I specifically refer to the emerging and recently emerged practice areas like social listening, behavioral economics, neurosciences and others which have not been fully integrated or made fully compatible with work from traditional MR – the case in point being the still long drawn-out process of trying to create new unified media measurement metrics that merge traditional media GRPs with those for new age digital media.
This is because, unlike many other industries, the emerging approaches have come from agencies or vendors not traditionally involved in MR (social media research, neurosciences and others). This has created two distinct sets of players in the industry – those pushing the traditional approaches and those advocating the new ones – while what is really required is for both to be compatible. Perhaps the collaboration of multiple countries or merger and acquisition activity in this space might be in the interest to the entire MR industry.
Marketing: What are the top challenges for market research as a discipline?
Almeida: If I take the role of MR “to inform stakeholders to make better decisions,” then based on that premise there are two key challenges I see for MR as a discipline.
- Providing insights in a timely and easy to understand way: The biggest barrier here is the dramatic proliferation of data sources, which often leads to conflicting views of what exactly is happening in the market. This same data proliferation also slows down decision-making because data is being generated faster than it can be analyzed and put to use. So the critical need is to reconcile the different sources and provide an integrated view of the marketplace using the different sources and doing that in as real-time a way as possible.
- Organizational structures that best enable the use of MR insights.
The best and most action-oriented insights come from MR practitioners who possess the following skills:
- MR technical knowledge so that they understand what the best tools are to solve a particular issue;
- brand, category and market knowledge so that insights can be tailored to the context of the problem being solved; and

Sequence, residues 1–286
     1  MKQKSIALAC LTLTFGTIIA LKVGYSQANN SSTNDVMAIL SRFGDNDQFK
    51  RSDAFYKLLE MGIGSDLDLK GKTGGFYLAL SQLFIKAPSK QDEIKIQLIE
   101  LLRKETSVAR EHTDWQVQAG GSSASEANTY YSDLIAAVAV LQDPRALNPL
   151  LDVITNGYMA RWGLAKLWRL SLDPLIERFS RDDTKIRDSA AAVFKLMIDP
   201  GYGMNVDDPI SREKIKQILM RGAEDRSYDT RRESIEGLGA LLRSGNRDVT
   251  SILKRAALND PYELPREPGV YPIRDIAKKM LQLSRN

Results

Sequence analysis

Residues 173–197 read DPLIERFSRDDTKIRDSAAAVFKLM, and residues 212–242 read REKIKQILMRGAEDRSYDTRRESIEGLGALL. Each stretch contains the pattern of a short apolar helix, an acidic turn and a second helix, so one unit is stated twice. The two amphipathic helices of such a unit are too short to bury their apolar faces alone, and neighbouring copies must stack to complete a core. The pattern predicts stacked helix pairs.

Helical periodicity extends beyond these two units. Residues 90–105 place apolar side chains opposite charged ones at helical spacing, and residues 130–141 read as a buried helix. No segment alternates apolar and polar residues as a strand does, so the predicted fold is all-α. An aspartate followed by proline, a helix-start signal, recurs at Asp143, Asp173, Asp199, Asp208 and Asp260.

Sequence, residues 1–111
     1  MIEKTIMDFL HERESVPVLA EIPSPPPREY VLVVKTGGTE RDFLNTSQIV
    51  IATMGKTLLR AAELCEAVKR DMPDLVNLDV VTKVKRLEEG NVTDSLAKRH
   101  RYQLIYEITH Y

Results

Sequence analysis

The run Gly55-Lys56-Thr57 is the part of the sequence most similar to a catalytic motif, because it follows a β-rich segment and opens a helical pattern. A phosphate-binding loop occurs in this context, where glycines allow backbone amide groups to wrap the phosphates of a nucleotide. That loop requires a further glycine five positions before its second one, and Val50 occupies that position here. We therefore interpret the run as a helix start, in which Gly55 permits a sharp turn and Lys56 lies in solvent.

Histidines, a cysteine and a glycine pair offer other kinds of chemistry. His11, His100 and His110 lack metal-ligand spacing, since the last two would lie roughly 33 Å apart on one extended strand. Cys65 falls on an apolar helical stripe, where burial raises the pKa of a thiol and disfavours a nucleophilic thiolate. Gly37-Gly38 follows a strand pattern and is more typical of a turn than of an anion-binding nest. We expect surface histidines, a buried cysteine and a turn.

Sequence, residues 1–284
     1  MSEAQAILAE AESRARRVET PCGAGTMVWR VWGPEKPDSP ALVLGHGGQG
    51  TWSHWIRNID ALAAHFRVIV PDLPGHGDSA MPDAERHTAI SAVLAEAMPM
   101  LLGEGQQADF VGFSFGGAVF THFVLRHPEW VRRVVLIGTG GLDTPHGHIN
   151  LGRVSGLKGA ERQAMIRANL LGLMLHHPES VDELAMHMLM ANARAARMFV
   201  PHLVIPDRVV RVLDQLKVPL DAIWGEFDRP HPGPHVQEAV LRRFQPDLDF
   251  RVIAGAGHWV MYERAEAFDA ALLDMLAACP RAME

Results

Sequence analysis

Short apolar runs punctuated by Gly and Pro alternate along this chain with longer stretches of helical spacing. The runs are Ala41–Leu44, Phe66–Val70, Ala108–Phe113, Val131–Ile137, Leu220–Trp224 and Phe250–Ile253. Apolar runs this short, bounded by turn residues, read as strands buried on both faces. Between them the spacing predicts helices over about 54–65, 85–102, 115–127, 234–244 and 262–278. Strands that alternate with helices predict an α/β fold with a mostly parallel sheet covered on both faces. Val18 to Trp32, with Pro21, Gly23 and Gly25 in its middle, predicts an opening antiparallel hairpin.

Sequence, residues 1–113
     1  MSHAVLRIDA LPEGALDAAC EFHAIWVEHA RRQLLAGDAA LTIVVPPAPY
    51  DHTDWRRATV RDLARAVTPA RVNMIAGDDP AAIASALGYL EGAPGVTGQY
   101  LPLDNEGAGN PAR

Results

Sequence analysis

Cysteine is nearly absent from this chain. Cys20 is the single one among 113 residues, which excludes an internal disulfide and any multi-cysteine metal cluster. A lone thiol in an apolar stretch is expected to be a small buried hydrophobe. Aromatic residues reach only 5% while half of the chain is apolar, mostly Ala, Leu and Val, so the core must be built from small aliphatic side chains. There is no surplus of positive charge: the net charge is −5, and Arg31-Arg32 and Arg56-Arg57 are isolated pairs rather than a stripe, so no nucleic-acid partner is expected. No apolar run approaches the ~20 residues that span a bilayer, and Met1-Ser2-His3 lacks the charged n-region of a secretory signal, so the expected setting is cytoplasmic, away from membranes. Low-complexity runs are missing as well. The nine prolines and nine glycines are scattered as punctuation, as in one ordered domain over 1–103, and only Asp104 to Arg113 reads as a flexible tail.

- organizational knowledge so that they can navigate organizational complexity (identify and convince the right stakeholders) and ensure that the insights are acted upon.
Unfortunately given the complexity of each of these skills and the trend of outsourcing complex tasks to specialized firms, it’s very difficult to develop people with all the three of these skill sets. In the current ecosystem of client companies, consultants and MR firms, each party comes with one or two skills but almost never all three. Clients, consultants and MR firms that work in long-term partnerships with joint training and development programs and have an intimate understanding of each other’s businesses and operating practices come the closest to achieving an organization structure that can seamlessly leverage all three skills to deliver the best and most action oriented insights.
So for me this continues to be one of the biggest challenges today.
Marketing: What are some of the current research tools employed by Kellogg’s?
Almeida: I’ll cite three examples:
- Demand space-driven segmentation which looks at the what, when, where, with whom, why and why not. Segments created in this way often tend to be far more insightful than just clustering consumers or their needs.
- Mix-modelling for both understanding category and brand dynamics as well optimizing our spending and efforts.
- Element-wise driver analysis, which looks at the different components that go into a product or proposition and quantifies their end impact on consumer appeal so one can optimize for the product experience and the cost.